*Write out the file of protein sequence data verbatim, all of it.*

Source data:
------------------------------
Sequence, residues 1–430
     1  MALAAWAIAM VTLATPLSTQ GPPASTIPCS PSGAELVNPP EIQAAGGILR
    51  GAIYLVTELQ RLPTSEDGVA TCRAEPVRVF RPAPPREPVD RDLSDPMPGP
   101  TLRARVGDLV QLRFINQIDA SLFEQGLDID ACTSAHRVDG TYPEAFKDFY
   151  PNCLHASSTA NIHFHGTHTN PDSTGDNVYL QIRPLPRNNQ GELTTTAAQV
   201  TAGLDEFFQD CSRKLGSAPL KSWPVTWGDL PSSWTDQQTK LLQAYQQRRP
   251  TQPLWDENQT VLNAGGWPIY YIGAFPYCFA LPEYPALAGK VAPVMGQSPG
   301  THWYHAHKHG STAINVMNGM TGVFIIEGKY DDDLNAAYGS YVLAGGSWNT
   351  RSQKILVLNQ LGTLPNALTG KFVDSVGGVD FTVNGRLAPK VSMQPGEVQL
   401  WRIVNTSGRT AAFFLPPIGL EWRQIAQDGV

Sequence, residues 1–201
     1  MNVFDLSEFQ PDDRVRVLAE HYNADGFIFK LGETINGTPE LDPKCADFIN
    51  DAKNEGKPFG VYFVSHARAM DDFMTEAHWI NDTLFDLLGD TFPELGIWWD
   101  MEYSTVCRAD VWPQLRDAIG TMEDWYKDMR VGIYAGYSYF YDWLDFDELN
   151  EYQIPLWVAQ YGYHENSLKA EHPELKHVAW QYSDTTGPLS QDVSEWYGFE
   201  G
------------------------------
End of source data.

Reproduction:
Sequence, residues 1–430
     1  MALAAWAIAM VTLATPLSTQ GPPASTIPCS PSGAELVNPP EIQAAGGILR
    51  GAIYLVTELQ RLPTSEDGVA TCRAEPVRVF RPAPPREPVD RDLSDPMPGP
   101  TLRARVGDLV QLRFINQIDA SLFEQGLDID ACTSAHRVDG TYPEAFKDFY
   151  PNCLHASSTA NIHFHGTHTN PDSTGDNVYL QIRPLPRNNQ GELTTTAAQV
   201  TAGLDEFFQD CSRKLGSAPL KSWPVTWGDL PSSWTDQQTK LLQAYQQRRP
   251  TQPLWDENQT VLNAGGWPIY YIGAFPYCFA LPEYPALAGK VAPVMGQSPG
   301  THWYHAHKHG STAINVMNGM TGVFIIEGKY DDDLNAAYGS YVLAGGSWNT
   351  RSQKILVLNQ LGTLPNALTG KFVDSVGGVD FTVNGRLAPK VSMQPGEVQL
   401  WRIVNTSGRT AAFFLPPIGL EWRQIAQDGV

Sequence, residues 1–201
     1  MNVFDLSEFQ PDDRVRVLAE HYNADGFIFK LGETINGTPE LDPKCADFIN
    51  DAKNEGKPFG VYFVSHARAM DDFMTEAHWI NDTLFDLLGD TFPELGIWWD
   101  MEYSTVCRAD VWPQLRDAIG TMEDWYKDMR VGIYAGYSYF YDWLDFDELN
   151  EYQIPLWVAQ YGYHENSLKA EHPELKHVAW QYSDTTGPLS QDVSEWYGFE
   201  G